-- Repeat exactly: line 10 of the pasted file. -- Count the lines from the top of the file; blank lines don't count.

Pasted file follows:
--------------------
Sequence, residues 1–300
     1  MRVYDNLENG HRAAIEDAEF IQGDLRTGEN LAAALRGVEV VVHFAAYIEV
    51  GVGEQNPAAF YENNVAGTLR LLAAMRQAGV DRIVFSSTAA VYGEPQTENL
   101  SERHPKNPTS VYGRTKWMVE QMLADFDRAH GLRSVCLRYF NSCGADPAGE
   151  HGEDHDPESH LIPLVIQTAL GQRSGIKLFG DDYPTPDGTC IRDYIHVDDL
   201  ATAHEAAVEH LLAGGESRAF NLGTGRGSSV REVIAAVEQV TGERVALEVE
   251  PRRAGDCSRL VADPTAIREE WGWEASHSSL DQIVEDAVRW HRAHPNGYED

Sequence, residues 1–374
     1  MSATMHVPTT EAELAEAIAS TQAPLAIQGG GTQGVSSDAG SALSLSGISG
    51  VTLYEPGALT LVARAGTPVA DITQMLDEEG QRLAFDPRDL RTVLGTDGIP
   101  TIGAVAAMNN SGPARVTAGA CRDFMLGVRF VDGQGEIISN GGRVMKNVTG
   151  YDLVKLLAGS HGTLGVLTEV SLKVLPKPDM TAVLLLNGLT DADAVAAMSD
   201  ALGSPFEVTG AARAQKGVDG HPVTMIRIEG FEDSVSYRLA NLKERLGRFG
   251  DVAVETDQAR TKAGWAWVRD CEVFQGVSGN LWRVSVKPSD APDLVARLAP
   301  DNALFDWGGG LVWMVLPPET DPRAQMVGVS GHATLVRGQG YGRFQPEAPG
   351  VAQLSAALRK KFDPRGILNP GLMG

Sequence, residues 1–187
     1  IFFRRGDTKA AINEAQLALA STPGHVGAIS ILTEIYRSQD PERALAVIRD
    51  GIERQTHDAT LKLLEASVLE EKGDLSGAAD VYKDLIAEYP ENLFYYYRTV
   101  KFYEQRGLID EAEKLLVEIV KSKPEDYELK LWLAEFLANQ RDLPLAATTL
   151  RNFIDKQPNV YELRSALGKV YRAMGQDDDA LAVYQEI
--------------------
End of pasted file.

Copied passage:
    51  VTLYEPGALT LVARAGTPVA DITQMLDEEG QRLAFDPRDL RTVLGTDGIP